“Tell Them Not to Hate”: Words of Witness and Sacred Imperatives by Rabbi Victor Hillel Reinstein, and edited by Richard Kool is a new release published by the University of Victoria Libraries ePublishing Services. It can be downloaded for free on UVicSpace: https://dspace.library.uvic.ca/handle/1828/13021
From the Editor, Dr. Richard Kool: For those of us growing up in families profoundly touched by the Holocaust, there seemed to be two situations: either our parents rarely said anything about their experiences, or they often or always spoke of their experiences. In the former situation, we knew something was wrong: grandparents, uncles, and cousins were missing from our lives and we didn’t know why. They weren’t spoken of: we didn’t know what had happened, and knew we weren’t supposed to know. Or, we knew about those grandparents, aunts, cousins: we knew about them and we knew exactly what happened to them; we knew about their murders at the hands of the Nazis and other European anti-Semites. My family’s secrets were hidden until 1994, when, at the Victoria Yom Ha’shoah service, I realized I needed to understand what happened to my mother. Rabbi Reinstein’s influence at that time was an important part of my journey to uncovering her history as a Dutch teenager in hiding. Hearing Victor’s talk in Victoria in January 2020, I realized I still owed a large debt to him. This elaboration of his presentation, featuring images of the people he spoke about, is an offering of gratitude to him for all the gifts he’s given me and my entire family. About this project: Dr. Jordan Stanger-Ross,, Department of History, University of Victoria Rabbi Victor Reinstein visited Victoria in 2020 as a guest of the Defying Hatred Project at the University of Victoria. The project collaborated with Congregation Emanu-El to explore the local Jewish community’s responses to acts of hate and expressions of anti-Semitism and racism. Led by myself and fellow-historian Lynne Marks, political scientist Matt James, Germanic and Slavic Studies professor Helga Thorson, and Victoria Shoah Project member Frances Grunberg, the project was dedicated to critically examining the history and current possibilities of defying hatred in Victoria. When I met Rabbi Reinstein in Boston in the summer of 2019, I discovered (as many had before me) the warmth and depth of his reflections on these topics. This story, I felt, had to be told back home, in Victoria. Funds from the Social Science and Humanities Research Council of Canada made the visit possible.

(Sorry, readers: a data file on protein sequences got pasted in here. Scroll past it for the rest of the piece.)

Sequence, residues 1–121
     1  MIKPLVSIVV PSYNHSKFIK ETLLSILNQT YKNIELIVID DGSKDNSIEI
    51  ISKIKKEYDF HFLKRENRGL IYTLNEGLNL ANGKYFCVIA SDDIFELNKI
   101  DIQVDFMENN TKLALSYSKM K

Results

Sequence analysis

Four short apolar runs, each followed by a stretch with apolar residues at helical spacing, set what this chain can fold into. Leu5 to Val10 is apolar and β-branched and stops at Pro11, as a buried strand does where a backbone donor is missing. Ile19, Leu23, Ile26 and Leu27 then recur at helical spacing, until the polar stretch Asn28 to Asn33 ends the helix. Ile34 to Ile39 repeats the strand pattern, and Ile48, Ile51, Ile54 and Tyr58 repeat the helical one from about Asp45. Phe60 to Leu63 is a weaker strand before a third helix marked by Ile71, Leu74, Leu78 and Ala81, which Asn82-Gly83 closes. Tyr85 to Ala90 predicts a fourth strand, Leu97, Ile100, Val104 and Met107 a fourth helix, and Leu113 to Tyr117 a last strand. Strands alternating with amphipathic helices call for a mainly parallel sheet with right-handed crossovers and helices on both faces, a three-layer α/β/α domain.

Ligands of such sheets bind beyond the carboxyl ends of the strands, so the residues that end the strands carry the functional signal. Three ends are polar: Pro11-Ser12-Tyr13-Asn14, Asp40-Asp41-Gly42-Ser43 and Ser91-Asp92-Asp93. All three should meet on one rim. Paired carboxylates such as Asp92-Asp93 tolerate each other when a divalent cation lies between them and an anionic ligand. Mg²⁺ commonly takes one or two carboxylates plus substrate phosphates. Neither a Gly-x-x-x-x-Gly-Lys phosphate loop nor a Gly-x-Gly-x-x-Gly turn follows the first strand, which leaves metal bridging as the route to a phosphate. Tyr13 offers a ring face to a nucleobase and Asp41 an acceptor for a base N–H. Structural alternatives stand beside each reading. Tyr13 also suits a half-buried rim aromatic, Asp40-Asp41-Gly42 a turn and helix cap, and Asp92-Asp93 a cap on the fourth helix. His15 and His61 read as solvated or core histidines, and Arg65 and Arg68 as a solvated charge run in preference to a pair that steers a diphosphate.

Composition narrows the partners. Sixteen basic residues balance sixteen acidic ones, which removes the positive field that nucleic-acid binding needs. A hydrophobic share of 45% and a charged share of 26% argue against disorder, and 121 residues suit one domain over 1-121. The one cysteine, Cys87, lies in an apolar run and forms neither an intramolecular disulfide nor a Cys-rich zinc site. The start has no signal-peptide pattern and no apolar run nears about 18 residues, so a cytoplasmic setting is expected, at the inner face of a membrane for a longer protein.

Rabbi Reinstein was born near Boston, MA, in 1950. He was the rabbi of Congregation Emanu-El in Victoria, BC Canada from 1982 to1998. He then returned to the Boston area and, along with his wife Mieke, founded the Nehar Shalom Community Synagogue in Jamaica Plain, MA. Drawing from Torah and Jewish life, the “vision and the way,” he seeks at the core of his work to help fulfill God’s hope for a world of justice and peace. As founding rabbi, he stepped down from his role as the active rabbi of Nehar Shalom in June, 2020.